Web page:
Insurance companies and policyholders will be keeping an eye out this spring for courts’ guidance on a slew of key insurance issues, including the Florida Supreme Court’s decision on the requirements for holding an insurer liable for bad faith claims handling and a federal court’s ruling on whether a traditional liability policy covers data breach losses.
Here, Law360 looks at four rulings to watch for over the next few months.
Harvey v. Geico
Florida’s highest court is poised to decide whether Geico can be held liable for bad faith for failing to settle claims against a policyholder later hit with an $8.7 million fatal-crash judgment, in a case that will provide clarity on the requirements for insureds to maintain similar claims against their insurance companies.
The case stems from a 2006 automobile accident in which James M. Harvey was determined to be liable for the death of motorist James Potts. Harvey held an insurance policy with Geico General Insurance Co. that provided $100,000 in liability coverage, but the insurer informed him that he was likely to face excess claims far beyond that amount from Potts’ widow and three children.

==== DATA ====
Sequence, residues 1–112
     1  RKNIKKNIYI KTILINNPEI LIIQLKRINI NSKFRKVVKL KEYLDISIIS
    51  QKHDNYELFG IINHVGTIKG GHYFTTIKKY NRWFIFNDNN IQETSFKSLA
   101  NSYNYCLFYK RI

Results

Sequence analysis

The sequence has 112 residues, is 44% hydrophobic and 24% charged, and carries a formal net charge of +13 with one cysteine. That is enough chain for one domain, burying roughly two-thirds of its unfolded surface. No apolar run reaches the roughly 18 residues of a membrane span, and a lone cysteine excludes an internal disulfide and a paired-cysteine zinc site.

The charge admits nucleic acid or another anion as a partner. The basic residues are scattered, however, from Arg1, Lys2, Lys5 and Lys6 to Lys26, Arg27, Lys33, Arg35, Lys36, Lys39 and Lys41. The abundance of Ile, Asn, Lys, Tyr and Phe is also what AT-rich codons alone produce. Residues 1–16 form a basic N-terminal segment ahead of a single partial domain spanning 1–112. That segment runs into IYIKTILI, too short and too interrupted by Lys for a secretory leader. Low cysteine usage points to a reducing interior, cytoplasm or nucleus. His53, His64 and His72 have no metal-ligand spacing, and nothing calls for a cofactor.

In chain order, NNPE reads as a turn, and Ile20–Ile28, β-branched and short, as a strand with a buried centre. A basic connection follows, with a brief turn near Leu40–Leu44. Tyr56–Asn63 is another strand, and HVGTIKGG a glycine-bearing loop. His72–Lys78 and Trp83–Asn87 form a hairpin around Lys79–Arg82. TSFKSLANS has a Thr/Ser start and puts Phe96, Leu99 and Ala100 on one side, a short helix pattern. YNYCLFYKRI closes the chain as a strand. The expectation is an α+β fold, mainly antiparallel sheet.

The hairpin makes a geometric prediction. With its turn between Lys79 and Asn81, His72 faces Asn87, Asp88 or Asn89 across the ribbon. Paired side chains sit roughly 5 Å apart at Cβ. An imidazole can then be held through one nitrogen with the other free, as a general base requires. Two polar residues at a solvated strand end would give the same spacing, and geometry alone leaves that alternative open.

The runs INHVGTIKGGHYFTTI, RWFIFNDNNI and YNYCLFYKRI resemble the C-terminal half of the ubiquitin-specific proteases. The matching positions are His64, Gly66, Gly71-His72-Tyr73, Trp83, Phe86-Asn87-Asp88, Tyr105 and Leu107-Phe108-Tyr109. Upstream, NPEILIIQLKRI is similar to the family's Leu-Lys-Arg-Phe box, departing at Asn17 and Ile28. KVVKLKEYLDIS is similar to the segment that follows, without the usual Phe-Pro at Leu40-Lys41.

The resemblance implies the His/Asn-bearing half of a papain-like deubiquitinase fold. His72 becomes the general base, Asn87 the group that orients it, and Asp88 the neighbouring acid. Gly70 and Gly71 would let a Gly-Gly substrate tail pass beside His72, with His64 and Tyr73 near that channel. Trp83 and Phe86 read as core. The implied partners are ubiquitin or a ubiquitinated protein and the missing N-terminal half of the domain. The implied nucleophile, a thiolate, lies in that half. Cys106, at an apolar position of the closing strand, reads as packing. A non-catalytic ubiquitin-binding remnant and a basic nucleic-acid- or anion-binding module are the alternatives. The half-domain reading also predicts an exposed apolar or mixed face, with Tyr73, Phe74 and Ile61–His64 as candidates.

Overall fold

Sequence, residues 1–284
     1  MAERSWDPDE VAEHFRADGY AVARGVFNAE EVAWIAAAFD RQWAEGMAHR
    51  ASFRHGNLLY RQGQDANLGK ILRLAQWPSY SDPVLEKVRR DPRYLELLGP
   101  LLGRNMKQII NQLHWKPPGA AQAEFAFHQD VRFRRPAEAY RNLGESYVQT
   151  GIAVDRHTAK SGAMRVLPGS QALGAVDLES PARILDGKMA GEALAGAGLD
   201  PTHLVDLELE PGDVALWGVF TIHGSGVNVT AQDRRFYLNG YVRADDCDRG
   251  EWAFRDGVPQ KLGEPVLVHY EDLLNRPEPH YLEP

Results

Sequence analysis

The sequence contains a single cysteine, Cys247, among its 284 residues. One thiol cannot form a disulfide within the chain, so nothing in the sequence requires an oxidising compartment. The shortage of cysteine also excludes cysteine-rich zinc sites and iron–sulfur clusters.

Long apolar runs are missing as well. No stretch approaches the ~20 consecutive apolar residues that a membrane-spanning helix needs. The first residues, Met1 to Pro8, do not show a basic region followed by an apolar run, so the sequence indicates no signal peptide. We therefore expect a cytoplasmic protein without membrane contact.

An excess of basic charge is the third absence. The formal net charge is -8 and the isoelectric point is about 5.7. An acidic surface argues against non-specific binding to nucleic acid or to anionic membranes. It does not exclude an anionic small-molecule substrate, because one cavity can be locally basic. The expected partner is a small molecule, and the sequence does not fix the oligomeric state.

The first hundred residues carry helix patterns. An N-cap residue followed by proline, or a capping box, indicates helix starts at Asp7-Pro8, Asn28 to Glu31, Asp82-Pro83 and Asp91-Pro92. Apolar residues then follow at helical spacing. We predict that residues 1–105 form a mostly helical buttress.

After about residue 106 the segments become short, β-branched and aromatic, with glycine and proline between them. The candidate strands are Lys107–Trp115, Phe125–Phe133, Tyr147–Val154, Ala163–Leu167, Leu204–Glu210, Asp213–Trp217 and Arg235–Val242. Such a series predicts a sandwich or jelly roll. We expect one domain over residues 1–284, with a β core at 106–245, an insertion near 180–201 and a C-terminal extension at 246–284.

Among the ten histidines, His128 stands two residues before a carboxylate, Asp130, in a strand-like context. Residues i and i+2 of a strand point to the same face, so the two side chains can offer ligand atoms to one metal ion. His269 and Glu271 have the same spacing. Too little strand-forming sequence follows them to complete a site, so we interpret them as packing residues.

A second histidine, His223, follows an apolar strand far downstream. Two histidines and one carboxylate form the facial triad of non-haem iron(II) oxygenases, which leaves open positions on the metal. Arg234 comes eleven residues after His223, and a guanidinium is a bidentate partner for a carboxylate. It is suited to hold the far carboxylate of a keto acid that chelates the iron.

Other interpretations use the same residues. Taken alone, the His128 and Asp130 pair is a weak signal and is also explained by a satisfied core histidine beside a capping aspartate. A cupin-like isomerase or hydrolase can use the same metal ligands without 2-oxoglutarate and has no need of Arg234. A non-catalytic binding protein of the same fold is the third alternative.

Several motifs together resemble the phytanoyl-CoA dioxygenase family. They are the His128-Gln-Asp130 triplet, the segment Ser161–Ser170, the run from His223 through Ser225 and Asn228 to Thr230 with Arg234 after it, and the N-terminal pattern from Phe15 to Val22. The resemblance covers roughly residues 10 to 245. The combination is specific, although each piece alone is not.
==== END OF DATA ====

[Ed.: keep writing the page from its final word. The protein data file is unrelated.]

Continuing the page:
When the settlement process stalled, the Potts estate sued Harvey on a wrongful death claim and won nearly $8.5 million in damages after a jury trial. Harvey then sued Geico for bad faith and won after another jury trial. The trial judge denied Geico’s motion for a directed verdict, but on appeal a panel of the state’s Fourth District Court of Appeal ruled that Harvey’s evidence had been insufficient to prove bad faith.
Harvey has told the Florida justices that the appellate panel failed to follow Sunshine State precedent on the requirements to succeed on a bad faith claim against an insurer, arguing that the evidence clearly supported a ruling against Geico. Nonprofit policyholder advocacy organization United Policyholders and a Florida consumer group backed Harvey’s position.
“[T]he Fourth District deviated from that clear precedent and ruled, [among other things], that an insurer does not have to act prudently or even reasonably to satisfy its duty of good faith to its insured,” Harvey’s attorneys wrote in a brief filed with the high court.
Geico, however, has countered that the Fourth District’s decision was entirely consistent with precedent regarding bad faith claims and directed verdicts and that as a result, the Florida high court shouldn’t entertain the case. The insurer garnered the support of a slew of insurance and business trade groups.